By Emily Glazer
Hedge funds and private-equity investors are bidding up prices of some troubled assets in Europe, sparking a surge in sales by banks seeking to rid themselves of soured corporate loans.
For years after the financial crisis, European banks resisted selling their corporate loans for fear of having to record heavy losses. But recently, some European lenders have reversed their stance as demand for these assets has jumped. One reason for the shift: Defaults and bankruptcy filings have declined in the U.S., leaving investors with fewer opportunities to buy distressed debt and sell it for a profit in a restructuring.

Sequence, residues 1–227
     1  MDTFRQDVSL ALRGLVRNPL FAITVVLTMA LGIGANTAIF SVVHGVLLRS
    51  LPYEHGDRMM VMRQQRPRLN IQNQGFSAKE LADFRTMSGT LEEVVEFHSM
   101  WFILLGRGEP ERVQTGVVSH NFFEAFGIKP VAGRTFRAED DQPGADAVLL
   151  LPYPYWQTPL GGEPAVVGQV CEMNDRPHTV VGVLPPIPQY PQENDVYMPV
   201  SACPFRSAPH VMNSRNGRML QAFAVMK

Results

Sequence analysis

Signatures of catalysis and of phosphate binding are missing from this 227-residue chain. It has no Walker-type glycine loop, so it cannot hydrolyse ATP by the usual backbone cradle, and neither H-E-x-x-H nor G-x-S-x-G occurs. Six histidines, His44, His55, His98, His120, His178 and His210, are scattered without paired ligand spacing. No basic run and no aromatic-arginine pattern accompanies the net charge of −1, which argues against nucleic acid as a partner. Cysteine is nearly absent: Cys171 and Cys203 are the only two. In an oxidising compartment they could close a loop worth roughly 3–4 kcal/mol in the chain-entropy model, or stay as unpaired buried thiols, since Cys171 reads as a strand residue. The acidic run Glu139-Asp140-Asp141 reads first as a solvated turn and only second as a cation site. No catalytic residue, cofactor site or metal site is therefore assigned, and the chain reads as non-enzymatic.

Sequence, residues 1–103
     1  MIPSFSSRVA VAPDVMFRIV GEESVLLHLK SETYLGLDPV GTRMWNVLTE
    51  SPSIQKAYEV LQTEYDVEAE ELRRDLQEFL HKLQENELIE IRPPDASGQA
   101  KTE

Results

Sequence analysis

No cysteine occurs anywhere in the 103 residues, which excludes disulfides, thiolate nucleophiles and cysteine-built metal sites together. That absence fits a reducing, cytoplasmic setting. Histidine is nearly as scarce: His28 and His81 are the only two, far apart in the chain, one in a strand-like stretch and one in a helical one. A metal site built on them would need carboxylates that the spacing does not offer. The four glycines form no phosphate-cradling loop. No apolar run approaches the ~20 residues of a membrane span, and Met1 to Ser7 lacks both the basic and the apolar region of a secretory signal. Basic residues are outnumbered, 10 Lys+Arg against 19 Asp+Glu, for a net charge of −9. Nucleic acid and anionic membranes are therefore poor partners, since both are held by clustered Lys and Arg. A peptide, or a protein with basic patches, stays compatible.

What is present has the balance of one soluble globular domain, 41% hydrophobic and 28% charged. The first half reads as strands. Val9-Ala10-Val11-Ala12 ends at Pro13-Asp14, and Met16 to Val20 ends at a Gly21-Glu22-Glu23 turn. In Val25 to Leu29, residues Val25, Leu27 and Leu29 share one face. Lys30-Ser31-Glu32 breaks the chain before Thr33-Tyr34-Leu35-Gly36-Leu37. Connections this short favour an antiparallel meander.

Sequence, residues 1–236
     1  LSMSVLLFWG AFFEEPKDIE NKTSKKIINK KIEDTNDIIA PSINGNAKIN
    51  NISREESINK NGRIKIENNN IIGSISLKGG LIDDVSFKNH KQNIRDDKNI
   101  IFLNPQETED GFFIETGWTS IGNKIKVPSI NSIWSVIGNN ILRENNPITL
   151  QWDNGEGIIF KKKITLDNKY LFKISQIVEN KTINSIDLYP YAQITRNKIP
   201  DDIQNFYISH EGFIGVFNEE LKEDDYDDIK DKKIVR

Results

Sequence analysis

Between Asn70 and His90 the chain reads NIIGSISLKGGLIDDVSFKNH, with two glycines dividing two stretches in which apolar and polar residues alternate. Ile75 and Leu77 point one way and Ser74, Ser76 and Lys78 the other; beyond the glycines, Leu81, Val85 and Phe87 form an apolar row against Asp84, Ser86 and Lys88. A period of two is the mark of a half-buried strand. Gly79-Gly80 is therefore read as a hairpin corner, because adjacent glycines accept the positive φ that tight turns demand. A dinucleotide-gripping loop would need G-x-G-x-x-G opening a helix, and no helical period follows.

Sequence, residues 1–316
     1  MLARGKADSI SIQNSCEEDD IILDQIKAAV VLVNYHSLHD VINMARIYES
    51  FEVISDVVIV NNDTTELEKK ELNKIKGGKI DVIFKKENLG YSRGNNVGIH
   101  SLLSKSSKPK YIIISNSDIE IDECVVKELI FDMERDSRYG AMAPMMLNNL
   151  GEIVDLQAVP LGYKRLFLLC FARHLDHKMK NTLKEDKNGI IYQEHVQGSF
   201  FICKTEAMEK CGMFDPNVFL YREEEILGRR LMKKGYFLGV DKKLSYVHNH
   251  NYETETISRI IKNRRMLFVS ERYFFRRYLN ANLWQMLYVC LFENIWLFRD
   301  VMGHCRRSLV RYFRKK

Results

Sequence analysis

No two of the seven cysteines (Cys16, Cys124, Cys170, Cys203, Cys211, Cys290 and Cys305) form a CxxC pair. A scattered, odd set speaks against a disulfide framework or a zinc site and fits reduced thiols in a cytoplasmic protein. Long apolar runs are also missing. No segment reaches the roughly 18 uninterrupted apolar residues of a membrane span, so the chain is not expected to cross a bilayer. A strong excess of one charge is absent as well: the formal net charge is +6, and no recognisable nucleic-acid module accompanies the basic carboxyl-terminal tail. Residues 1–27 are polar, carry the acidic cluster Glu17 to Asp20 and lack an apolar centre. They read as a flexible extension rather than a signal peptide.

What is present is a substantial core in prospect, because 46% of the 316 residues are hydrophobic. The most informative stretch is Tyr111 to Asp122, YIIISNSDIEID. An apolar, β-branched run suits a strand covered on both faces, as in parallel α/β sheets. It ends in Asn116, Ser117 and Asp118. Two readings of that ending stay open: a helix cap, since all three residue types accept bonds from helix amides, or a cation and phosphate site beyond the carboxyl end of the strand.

“The prices have risen to the point where some banks are looking to sell because they’re seeing transaction prices that imply” a much smaller loss for certain assets, said Ari Lefkovits, a managing director at Lazard Ltd. LAZ +2.97% , who moved to London in August 2012 in part because of an anticipated uptick in European restructuring activity….